Cleaning and care

1.1.1 Large kitchen equipment


Let us look at the following Large eQUiPMent that normally forms part of the kitchen of a restaurant or catering establishment:

Boiling pan 135 Litre oil-jacketed boiling pan Inner pan, base and curb manufactured from 2 mm type AISI 304 CR-NI stainless steel 40 mm fibreglass insulation Spring-balanced with safety handle Fitted with breather tube, oil filler pipe, oil drain valve and chrome-plated draw-off cock Stainless-steel clad immersion elements Thermostatically controlled 50C 160C, preset overriding thermostat 180C

Bain Marie hot cupboard counter line equipment Bain Marie well-manufactured from AISI type 304 CR-NI stainless steel Surround and closure panels 430 stainless steel Thermostatically controlled immersion element 0110C with low water cut-off valve Swivel waste with gate-fitted valve Capacity 3 1/1 GN pans (pans optional extras) Stainless-steel interior and exterior, stainless- steel sliding doors Insulation doors 15 mm Preset thermostat 70C (hot closet)

Module 1

electric deep-fryers Stainless-steel front, door and side panels Pan manufactured from type 430 stainless steel and surround from 430 stainless steel Large surge area and effective cold zone 2 20 litre stainless-steel pans Each pan thermostatically controlled 100 180C with overriding thermostat preset 215C Pans fitted with drain cocks and unit supplied with oil receivers Oil level indicator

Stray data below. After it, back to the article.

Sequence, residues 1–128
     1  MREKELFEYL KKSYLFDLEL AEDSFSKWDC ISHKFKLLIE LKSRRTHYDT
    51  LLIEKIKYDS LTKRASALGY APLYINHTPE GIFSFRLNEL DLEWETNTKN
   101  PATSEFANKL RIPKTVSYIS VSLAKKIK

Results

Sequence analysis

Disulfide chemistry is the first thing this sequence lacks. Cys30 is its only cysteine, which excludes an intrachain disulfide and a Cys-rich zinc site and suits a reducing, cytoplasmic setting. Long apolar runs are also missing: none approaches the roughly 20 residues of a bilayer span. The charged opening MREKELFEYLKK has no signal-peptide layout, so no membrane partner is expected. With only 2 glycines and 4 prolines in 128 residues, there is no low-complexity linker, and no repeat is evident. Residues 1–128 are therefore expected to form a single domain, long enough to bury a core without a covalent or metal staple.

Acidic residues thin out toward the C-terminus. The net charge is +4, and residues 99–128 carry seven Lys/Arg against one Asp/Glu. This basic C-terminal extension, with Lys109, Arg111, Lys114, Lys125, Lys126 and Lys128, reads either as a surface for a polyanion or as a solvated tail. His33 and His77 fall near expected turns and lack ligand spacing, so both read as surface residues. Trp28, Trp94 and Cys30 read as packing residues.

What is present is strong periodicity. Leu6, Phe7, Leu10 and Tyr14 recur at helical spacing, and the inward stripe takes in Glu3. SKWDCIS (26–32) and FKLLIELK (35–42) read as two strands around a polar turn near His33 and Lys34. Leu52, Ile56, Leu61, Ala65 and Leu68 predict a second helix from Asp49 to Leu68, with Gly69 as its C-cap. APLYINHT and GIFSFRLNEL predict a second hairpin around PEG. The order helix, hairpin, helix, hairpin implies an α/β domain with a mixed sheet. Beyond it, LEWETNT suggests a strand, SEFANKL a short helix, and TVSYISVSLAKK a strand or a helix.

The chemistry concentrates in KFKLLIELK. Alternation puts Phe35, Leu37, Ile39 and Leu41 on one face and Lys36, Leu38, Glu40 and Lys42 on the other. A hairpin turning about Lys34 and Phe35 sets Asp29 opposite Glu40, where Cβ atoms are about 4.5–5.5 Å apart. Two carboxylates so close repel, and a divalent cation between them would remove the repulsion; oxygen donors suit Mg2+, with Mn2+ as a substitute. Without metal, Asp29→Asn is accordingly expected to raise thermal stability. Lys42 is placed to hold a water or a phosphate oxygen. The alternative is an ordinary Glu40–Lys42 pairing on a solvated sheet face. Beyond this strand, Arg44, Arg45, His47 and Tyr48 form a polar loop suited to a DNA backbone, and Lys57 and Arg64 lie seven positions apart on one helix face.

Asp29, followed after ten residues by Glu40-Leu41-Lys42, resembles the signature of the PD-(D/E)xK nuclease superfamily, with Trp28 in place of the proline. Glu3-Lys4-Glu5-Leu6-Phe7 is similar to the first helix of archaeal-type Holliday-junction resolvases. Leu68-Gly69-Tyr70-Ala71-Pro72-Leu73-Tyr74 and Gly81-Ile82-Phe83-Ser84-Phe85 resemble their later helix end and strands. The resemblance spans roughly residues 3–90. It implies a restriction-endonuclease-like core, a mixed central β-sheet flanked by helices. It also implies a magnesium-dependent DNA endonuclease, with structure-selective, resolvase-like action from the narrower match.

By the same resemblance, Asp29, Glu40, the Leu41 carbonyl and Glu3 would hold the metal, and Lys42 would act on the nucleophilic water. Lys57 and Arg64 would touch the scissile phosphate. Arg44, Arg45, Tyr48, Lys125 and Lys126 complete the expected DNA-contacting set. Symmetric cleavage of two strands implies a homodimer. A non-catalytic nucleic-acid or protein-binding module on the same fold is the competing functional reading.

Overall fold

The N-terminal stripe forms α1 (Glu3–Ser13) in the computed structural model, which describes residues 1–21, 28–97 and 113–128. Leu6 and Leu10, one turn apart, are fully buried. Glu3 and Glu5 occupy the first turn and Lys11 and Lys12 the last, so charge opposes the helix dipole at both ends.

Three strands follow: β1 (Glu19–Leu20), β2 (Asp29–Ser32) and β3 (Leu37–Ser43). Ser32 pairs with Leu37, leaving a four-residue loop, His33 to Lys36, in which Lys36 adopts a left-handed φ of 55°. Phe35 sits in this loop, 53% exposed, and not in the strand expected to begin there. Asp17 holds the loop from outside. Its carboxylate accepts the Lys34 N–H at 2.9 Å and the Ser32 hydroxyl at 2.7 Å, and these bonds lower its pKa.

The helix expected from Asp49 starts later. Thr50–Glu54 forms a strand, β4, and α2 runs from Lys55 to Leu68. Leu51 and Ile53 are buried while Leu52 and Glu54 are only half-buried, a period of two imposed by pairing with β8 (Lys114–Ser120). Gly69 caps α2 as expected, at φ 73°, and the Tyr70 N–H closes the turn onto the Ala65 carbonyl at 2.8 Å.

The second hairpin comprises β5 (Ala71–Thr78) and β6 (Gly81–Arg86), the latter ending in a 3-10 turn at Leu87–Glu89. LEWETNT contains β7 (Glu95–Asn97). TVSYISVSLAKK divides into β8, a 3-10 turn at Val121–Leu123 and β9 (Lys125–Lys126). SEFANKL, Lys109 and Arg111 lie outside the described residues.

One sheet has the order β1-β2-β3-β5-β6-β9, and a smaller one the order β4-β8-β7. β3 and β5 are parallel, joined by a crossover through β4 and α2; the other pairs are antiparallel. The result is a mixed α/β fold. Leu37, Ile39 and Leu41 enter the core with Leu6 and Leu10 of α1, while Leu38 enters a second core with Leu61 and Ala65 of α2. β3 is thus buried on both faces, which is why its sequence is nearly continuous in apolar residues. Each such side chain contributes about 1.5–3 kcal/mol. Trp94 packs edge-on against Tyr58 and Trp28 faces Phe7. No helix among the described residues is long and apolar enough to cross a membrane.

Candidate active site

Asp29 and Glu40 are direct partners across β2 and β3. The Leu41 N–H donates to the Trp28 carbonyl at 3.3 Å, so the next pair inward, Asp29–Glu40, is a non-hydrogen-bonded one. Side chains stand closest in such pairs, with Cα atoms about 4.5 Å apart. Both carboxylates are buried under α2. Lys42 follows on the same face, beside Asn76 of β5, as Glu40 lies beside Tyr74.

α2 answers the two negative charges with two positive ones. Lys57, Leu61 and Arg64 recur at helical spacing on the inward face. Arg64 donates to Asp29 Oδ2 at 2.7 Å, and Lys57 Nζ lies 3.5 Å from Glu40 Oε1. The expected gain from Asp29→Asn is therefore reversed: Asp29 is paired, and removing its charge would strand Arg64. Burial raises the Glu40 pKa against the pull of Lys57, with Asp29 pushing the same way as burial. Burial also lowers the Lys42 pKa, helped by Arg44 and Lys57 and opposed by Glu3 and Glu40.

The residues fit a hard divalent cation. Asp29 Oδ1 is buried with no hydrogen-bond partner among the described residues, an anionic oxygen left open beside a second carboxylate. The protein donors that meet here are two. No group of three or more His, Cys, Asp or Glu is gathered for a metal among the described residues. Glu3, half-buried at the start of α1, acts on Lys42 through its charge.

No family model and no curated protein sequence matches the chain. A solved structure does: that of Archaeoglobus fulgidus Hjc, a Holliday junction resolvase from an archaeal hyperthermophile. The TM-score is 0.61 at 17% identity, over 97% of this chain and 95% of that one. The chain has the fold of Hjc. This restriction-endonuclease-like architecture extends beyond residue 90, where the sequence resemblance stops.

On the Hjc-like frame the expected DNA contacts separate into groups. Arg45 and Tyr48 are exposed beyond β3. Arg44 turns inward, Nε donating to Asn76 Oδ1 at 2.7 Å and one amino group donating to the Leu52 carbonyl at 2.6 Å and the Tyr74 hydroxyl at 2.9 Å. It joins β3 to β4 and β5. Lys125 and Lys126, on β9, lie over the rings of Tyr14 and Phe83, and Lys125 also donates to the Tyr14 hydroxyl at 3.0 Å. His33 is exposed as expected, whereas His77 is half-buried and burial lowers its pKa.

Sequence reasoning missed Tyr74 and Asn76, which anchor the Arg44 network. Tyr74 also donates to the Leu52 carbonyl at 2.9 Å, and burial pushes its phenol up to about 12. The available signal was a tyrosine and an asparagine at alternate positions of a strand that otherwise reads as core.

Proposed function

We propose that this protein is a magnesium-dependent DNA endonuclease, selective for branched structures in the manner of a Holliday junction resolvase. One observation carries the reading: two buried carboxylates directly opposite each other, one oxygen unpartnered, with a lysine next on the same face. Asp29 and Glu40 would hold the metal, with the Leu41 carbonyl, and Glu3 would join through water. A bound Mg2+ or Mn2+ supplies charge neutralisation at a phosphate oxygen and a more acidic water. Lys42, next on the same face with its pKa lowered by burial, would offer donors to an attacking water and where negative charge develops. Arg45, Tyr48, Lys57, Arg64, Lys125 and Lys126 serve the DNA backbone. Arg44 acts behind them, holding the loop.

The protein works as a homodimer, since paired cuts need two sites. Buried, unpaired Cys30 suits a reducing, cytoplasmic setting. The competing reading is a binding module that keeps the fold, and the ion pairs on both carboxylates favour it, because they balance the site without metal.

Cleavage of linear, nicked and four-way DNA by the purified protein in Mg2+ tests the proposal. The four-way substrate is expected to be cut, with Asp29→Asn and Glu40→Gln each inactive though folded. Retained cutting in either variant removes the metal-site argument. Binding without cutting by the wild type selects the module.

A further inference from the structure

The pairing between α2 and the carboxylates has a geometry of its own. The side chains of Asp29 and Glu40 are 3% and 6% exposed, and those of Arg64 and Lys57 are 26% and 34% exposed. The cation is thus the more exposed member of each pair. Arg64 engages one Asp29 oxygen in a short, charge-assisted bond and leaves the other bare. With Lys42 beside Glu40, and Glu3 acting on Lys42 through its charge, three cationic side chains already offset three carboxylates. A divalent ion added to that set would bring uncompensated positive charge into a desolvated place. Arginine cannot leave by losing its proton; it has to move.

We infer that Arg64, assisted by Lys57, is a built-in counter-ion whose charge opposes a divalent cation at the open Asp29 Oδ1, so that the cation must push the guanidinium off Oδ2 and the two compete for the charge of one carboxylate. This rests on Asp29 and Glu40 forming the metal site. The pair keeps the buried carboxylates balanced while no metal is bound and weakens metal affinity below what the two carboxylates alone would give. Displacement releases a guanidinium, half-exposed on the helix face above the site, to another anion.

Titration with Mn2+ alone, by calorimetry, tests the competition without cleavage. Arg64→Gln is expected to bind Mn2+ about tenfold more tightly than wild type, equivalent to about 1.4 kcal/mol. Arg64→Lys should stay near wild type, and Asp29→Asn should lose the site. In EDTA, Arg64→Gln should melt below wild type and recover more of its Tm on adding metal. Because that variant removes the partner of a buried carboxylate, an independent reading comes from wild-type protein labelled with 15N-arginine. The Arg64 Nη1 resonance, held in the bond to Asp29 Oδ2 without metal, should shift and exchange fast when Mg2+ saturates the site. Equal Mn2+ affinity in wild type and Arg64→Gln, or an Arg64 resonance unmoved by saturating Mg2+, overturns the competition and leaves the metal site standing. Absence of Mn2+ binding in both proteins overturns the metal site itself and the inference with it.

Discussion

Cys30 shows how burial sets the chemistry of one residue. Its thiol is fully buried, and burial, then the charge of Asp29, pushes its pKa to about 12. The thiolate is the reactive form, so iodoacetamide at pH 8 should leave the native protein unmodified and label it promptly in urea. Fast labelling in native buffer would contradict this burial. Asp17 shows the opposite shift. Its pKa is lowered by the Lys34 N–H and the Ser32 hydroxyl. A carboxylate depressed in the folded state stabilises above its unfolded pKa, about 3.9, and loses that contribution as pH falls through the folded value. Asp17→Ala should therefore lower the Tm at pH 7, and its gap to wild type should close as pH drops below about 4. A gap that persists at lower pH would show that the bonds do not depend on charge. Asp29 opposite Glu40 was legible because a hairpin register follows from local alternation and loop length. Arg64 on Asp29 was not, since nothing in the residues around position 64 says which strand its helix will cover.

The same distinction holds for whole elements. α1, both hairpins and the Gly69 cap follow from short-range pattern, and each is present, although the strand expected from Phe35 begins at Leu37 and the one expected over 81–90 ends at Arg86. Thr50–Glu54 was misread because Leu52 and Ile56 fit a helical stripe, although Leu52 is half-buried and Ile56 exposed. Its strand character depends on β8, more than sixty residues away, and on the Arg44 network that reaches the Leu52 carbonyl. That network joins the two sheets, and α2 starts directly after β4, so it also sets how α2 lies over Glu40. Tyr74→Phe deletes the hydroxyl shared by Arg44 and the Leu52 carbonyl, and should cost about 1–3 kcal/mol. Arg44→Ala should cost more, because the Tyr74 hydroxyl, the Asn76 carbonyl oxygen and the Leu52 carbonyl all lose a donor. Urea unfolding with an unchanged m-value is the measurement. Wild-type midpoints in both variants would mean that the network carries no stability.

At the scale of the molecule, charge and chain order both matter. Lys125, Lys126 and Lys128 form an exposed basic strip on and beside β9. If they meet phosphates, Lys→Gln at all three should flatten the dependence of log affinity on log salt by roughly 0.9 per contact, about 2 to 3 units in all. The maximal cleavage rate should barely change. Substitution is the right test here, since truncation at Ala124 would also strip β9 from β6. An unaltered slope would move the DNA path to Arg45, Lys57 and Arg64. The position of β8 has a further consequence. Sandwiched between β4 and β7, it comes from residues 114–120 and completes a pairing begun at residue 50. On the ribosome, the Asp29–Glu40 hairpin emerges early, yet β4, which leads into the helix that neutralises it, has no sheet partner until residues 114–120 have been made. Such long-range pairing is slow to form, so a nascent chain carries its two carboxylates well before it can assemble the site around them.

electric ranges Heavy duty External finish 430 stainless steel Large 145 litre capacity aluminised steel oven with two grid shelves and three position runners Stainless steel drop-down door, dead weight counter-balanced Oven thermostatically controlled from 50300C Top thermostatically controlled from 50250C

gas ranges Chargrill/Broiler (Gas)

Cleaning and care

Microwave 1 000 Watts of power for fast heating 30 capacity Stainless steel interior and exterior for easy cleaning Digital display 20 programme 5 power levels Ceramic base


Mobile Heated Plate Dispenser 100plate double-cartridge with heated dispenser Stainless steel body Easy to clean Ergonomic design Long life

Combination ovens The energy supplied to the food is meted exactly, and can be extremely powerful if required. The sensitive measuring and control central functions ensure a uniform cooking cabinet climate that can be matched individually to the food. Thus challenging and sophisticated products such as pan-fries, gratins or grilled food are always successful, even when the unit is fully utilised. This applies rack after rack, piece after piece, and portion after portion. Available in electric or gas.

Module 1

tilt pans Heavy duty External finish stainless steel Mounted on stainless-steel closed pedestal Pan manufactured from 304 stainless steel Sides integrally welded to a 10 mm boiler plate base Heating by means of gas nickel-plated steel burners Thermostatically controlled from 50240C Spring-balanced lid with heat-resistant handle Snap-acting thermostat has a 50240C temperature range Electronic igniter Safety feature flame failure device


Salamander 430 stainless steel construction 5position rack Large grilling area Heavy-duty 3position switch Available for counter use, wall mounting, table or range mounting Stainless-steel drip tray

toasters Serves slices from both back and front Adjustable top and bottom heat controls Adjustable toaster levels Easy cleaning Variable speed conveyor belt Up to 420 slices per hour

Cleaning and care

Water boilers Interior and exterior construction 304 stainless steel Safe and hygienic Modern design, easy to clean and maintain LED temperature display Automatic water refill Layered heating system saves energy and water boiling time Easy to install either on a benchtop or wall-mounted Sizes available: 4, 8, 15 and 30

1.1.2 Mechanical equipment (ranges, peelers, mincers, mixers, processors, refrigerators, dishwashers